Friday 11 December 2015

BioMaths Colloquium - 11/12/2015

BioMaths Colloquium Series - 2015/16

11 December 2015 - 3pm Maths Seminar Room 

(room 224 Talbot Building 2nd floor)

Effects of spatial structure on a cyclic herbivore populations

Dr Christina Cobbold

From: Hughes, Cobbold et al. (2015) Am. Nat. 185(5): E130-E152

Our final BioMaths Colloquium seminar of this term will be by Dr Christina Cobbold from the School of Maths & Stats at the University of Glasgow. Christina is Senior Lecturer in Applied Mathematics and member of the Boyd Orr Centre for Population and Ecosystem Health.  Her keen interest in Mathematical Biology concerns especially the mathematics of biological interactions, such as host-parasitoid interactions, the evolution of developmental timing, and modelling dynamics of rapid evolutionary processes. Examples of the latter include antigenic variation in trypanosomes and mutation leading to myotonic dystrophy. 

Understanding how cycles of forest-defoliating insects (herbivores) are affected by forest  structure is of major importance for forest management. Achieving such an understanding with data alone is difficult. We therefore constructed mathematical models to investigate the effects of forest structure on herbivore cycles, focusing on herbivore cycles driven by parasitoids.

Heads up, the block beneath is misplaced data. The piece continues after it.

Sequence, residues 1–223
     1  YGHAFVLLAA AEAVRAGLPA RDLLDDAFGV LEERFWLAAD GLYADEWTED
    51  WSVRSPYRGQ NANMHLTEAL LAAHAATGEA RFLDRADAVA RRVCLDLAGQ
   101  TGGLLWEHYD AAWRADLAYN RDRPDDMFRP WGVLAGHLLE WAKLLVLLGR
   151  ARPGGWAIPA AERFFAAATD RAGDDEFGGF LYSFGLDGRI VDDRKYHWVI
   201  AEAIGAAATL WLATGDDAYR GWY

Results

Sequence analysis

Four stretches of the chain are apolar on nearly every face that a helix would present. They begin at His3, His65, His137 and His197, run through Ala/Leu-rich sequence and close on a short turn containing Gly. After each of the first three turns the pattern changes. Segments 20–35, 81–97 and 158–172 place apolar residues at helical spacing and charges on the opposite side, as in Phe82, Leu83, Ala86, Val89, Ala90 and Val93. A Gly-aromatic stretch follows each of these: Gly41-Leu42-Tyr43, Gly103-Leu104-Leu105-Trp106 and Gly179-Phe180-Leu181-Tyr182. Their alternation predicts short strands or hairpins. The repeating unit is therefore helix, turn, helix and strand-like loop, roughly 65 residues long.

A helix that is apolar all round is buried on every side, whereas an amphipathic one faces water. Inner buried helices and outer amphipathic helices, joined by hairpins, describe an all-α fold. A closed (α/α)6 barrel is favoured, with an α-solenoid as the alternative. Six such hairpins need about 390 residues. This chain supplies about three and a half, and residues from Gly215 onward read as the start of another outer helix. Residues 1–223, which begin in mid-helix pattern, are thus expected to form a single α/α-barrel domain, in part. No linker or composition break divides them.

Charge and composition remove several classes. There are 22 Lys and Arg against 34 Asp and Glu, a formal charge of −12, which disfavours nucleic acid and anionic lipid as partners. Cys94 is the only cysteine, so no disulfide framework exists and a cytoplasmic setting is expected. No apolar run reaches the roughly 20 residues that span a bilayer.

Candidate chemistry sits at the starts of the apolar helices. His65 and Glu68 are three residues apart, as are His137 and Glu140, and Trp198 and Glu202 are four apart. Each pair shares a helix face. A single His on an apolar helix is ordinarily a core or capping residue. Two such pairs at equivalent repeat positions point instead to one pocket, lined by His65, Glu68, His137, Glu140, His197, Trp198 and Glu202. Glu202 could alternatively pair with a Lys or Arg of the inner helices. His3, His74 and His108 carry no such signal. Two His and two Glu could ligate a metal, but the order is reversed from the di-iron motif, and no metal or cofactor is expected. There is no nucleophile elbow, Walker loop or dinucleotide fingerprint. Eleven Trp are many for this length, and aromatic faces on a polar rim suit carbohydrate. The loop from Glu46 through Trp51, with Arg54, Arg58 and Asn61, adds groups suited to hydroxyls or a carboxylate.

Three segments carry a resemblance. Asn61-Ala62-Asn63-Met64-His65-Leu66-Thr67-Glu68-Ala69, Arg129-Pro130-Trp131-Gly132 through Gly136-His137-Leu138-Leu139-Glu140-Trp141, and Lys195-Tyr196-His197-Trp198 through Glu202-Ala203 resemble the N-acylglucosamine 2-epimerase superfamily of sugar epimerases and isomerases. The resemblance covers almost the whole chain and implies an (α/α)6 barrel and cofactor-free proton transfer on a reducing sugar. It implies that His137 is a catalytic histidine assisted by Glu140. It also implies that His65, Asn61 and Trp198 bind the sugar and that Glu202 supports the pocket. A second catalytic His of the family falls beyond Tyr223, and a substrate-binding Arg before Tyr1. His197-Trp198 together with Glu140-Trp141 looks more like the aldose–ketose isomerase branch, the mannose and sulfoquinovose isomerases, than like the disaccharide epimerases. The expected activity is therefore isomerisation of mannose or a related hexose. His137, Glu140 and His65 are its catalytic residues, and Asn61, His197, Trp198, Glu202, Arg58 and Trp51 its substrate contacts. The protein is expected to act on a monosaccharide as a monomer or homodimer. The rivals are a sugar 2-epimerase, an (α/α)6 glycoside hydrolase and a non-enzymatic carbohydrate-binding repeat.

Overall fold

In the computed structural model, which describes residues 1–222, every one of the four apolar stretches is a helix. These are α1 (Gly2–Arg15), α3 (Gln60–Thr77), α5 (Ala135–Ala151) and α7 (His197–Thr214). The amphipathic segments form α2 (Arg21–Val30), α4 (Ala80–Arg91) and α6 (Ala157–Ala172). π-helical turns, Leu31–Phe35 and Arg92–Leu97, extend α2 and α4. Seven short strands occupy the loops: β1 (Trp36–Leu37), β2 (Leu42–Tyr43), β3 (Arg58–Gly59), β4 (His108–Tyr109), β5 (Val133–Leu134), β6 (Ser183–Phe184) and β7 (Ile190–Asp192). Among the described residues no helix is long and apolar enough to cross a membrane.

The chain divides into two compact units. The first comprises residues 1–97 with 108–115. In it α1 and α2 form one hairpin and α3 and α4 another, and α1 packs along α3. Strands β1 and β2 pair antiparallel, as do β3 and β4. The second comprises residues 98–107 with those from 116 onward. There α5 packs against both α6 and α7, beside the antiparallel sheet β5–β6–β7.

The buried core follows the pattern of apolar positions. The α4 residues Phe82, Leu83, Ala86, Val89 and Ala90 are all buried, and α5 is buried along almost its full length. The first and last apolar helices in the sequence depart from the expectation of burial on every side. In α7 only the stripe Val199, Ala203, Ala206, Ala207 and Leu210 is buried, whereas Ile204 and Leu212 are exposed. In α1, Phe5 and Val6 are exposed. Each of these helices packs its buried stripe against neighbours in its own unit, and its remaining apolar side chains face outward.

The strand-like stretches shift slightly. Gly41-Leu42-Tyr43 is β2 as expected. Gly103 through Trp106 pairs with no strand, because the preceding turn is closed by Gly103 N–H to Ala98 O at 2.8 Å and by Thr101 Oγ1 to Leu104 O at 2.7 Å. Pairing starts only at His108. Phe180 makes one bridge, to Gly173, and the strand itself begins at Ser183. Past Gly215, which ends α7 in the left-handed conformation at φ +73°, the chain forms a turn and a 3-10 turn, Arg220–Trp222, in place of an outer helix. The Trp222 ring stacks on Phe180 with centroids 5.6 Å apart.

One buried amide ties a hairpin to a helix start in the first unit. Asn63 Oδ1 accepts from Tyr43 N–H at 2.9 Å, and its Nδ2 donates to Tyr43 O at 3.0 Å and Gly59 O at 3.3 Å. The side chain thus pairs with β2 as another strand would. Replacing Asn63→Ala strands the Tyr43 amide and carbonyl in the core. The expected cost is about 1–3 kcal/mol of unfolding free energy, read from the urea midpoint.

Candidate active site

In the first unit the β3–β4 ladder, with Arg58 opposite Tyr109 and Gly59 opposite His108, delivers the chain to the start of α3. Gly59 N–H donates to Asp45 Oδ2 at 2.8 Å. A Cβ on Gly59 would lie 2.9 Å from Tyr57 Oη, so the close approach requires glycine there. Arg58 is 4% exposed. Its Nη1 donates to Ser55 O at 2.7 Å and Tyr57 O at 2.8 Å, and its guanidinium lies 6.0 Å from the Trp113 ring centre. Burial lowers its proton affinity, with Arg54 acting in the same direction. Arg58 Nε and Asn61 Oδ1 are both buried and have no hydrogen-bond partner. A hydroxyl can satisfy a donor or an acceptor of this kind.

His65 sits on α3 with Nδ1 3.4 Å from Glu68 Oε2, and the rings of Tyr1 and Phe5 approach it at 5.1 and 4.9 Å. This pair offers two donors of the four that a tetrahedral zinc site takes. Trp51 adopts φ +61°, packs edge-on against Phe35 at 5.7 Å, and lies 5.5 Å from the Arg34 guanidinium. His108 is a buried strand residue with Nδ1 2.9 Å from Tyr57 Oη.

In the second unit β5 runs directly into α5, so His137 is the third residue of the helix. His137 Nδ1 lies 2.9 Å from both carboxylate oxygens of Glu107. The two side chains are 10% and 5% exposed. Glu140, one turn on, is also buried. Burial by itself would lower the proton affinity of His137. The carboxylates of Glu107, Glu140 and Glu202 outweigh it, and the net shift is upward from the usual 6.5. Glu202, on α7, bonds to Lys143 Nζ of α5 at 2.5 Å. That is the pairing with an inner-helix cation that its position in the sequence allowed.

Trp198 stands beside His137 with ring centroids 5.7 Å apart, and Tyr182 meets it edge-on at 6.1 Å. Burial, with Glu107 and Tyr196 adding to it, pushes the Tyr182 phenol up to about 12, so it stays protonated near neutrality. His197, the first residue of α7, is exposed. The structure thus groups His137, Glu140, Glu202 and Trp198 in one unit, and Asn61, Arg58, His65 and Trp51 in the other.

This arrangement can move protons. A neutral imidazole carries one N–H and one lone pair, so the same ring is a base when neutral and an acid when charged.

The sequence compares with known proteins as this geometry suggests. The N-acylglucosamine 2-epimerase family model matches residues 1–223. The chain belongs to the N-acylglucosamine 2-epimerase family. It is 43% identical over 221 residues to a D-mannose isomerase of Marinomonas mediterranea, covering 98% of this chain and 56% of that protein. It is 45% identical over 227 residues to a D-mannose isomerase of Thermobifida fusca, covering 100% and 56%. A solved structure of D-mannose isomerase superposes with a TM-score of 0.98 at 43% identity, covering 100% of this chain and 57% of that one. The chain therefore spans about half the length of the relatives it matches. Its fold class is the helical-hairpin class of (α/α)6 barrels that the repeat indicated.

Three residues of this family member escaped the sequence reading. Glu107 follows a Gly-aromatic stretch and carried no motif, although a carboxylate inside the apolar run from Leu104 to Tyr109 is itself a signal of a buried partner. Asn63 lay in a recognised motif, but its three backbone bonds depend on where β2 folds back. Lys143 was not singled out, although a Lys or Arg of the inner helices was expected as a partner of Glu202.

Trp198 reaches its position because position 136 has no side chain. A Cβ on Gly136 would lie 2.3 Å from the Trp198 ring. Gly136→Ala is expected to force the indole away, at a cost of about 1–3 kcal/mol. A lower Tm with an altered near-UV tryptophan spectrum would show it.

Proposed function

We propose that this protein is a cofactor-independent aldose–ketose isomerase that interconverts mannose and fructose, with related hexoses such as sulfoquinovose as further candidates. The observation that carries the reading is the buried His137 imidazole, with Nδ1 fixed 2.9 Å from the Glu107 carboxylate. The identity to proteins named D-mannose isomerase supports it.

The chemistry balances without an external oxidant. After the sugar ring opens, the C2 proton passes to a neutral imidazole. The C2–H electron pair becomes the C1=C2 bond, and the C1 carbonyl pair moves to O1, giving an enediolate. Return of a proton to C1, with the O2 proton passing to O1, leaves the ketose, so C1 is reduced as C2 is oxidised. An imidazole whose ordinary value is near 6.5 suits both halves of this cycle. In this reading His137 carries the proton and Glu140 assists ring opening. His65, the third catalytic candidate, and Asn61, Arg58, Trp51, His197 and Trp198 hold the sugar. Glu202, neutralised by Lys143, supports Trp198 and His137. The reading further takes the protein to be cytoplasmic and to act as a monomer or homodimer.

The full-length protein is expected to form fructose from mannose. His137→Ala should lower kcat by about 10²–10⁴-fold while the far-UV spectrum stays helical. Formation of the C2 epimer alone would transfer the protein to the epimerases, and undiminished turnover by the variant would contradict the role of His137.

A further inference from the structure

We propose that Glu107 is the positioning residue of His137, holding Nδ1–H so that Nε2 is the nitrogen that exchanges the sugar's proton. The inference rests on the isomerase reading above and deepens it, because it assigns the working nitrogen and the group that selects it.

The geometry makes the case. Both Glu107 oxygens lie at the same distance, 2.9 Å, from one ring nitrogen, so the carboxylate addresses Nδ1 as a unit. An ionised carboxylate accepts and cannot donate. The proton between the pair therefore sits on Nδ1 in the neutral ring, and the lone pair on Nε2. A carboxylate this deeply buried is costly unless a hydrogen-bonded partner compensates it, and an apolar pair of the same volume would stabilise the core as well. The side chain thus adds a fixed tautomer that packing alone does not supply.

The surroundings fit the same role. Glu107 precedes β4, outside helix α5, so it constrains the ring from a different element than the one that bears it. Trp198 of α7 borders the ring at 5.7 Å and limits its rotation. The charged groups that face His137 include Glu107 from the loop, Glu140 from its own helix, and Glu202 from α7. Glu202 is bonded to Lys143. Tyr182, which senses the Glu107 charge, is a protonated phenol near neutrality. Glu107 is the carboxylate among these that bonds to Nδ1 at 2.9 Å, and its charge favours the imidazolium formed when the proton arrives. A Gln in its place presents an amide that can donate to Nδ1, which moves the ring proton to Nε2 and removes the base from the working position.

Forest tent caterpillar moth
Pic from Wikipedia

Typically when we think of spatially structured habitat we think of a habitat fragmentation and a mosaic of suitable and unsuitable habitat. However, suitable habitat can be uniformly distributed, but still show spatial structure  via spatial variation in the  plant genotype. It has been shown the plant genotype can strongly affect not only individual herbivore performance, but also community composition and ecosystem function. In this talk I will examine the impact of two these types of spatial heterogeneity (fragmentation and genotype variation) on the population cycles of forest-defoliating insects.

Forest tent caterpillar.
Pic from Wikipedia
Our integrodifference equation model shows that forest destruction can increase herbivore density when parasitoids disperse much farther than the herbivores because the benefits of reduced herbivore mortality due to increased parasitoid dispersal mortality exceed the costs of increased herbivore dispersal mortality. This novel result can explain observations of increased outbreak duration with increasing forest fragmentation in forest tent caterpillar populations.

A Tachinidae parasitoid, genus Leschenaultia.
Pic from
I will also show how plant genotype, the relative size of genotypic patches, and the rate of herbivore dispersal between them, affect the frequency, amplitude, and duration of herbivore outbreaks. We found that coupling two different genotypes does not necessarily result in an averaging of herbivore dynamics. Instead, depending on the ratio of patch sizes, when dispersal rates are moderate, outbreaks in the two- genotype case may be more or less severe than in forests of either genotype alone.

The discussions will continue over biscuits and tea/coffee after the seminar. 
Hope to see many of you!